War of the Rebellion: Serial 118 Page 0437 CORRESPONDENCE, ETC. -UNION.

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WAR DEPARTMENT, Washington, April 6, 1863.

Major General E. A. HITCHCOCK,

Commissioner for Exchange of Prisoners.

GENERAL: It has been reported to this Department by Mr. Charles McClure, now at the Kirkwood House in this city, that his son, Captain McClure, of the Sixteenth Ohio Volunteers, and ten other commissioned officers, who were captured in the first attack upon Vicksburg and paroled, are now confined in the jail at Jackson, Miss., as common felons. You will please examine as to the truth of this statement and report thereupon to the Department at your earliest convenience.

Very respectfully, your obedient servant,


Secretary of War.


The undersigned has already taken the necessary steps to reach the persons referred to and respectfully submits a report from Colonel Ludlow received this morning (6th of April) on the subject.


Major-General of Vols., Commissioner for Exchange of Prisoners.



Fort Monroe, Va., April 4, 1863.

Major General E. A. HITCHCOCK,

Commissioner for Exchange of Prisoners.

GENERAL: I have the honor to acknowledge the receipt of your letter* of the 2nd instant relating to officers captured near Vicksburg. I had previously received a communication from Colonel Thomas C. Fletcher, Thirteenth Missouri Volunteers, dated Libbly Prison, Richmond, March 30, informing me that he and twenty other officers captured near Vicksburg on the 29th December last were in the Libbly Prison. He send me their names and among them are those of eleven officers of the Sixteenth Regiment Ohio Volunteers. I presume that they are the same as referred to by you and have been transferred form Jackson, Miss. The arrangements made will release all our officers as soon as I can deliver an equivalent number of Confederates who as I am informed are now on their way here.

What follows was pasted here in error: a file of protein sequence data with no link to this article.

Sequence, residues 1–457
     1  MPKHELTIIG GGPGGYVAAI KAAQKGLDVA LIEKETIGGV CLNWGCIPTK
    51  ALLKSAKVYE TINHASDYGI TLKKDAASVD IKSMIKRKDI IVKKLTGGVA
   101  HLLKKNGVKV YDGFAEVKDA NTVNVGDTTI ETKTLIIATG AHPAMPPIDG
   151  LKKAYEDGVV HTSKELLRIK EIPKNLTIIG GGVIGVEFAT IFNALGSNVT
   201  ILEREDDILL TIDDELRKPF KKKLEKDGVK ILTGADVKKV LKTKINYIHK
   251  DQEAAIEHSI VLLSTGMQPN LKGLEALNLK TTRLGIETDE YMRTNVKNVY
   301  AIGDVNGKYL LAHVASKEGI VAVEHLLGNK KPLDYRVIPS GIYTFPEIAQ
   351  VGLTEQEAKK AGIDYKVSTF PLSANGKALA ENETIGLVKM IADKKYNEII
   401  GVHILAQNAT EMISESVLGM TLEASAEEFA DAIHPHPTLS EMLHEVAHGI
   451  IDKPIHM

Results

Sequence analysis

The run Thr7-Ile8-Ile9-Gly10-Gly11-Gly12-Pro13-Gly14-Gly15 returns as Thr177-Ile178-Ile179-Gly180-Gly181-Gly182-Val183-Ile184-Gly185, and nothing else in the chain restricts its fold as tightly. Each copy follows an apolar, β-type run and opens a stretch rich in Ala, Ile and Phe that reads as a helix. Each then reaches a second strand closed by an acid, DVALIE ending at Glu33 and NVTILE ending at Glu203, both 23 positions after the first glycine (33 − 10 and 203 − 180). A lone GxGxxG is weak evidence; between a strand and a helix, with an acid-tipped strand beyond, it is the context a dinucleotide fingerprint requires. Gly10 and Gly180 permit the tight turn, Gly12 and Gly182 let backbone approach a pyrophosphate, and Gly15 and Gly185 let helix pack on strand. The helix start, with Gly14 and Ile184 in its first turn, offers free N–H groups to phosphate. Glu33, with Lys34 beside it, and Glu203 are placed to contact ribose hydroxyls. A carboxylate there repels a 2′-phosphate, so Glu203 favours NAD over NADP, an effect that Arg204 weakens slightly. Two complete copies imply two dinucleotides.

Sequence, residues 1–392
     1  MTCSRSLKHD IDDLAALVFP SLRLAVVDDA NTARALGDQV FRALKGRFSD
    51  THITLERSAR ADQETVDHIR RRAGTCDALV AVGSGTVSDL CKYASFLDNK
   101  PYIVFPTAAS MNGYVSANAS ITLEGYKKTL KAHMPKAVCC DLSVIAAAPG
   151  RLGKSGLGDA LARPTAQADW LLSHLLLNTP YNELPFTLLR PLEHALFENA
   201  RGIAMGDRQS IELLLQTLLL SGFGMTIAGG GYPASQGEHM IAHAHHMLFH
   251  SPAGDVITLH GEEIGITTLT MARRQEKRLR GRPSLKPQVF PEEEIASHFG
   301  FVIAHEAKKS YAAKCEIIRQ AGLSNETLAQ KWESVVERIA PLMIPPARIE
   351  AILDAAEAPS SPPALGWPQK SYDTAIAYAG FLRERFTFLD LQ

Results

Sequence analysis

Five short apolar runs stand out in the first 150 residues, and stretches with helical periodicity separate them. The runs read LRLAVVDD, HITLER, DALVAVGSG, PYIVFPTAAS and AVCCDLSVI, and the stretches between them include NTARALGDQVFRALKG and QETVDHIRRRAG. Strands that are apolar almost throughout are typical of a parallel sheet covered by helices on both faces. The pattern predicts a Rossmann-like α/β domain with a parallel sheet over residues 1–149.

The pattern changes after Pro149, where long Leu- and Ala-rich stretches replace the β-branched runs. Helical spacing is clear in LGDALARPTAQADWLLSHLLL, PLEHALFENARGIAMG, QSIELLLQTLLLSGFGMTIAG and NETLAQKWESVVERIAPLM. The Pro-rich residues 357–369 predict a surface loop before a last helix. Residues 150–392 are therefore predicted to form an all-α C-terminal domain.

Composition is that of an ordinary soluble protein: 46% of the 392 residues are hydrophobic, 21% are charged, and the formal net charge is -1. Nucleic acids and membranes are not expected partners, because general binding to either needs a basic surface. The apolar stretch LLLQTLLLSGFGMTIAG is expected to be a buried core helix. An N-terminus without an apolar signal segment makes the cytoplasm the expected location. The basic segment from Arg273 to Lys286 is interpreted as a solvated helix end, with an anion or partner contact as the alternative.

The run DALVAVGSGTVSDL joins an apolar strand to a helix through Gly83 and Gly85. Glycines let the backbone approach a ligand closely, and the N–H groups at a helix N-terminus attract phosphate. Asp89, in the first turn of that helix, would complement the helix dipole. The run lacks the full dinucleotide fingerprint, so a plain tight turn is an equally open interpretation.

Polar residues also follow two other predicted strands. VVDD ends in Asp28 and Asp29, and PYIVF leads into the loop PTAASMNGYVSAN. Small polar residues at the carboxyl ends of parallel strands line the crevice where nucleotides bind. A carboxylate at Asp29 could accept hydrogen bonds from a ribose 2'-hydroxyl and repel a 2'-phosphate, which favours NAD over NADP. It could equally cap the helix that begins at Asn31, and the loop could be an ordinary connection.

Sergeant Mullen in whom you took a personal interest is released and went to Annapolis to-day. He can give you information relating to the so-called Captain Stewart, sentenced by the Confederate to be hung. I know nothing of Stewart except from Mullen's account. No one else seems to know anything about him. Mullen says that Serwant did break his parole. I have not seen Mullen myself. The above information is brought to me by an officer whom I sent to see and talk with him.

I am, very respectfully, your obedient servant,


Lieutenant-Colonel and Agent for Exchange of Prisoners.

WAR DEPARTMENT, Washington, April 6, 1863.

Honorable WILLIAM H. SEWARD, Secretary of State.

SIR: The Secretary of War directs me to transmit the inclosed copies of reports received from the Adjutant-General, to whom was referred


* Not found.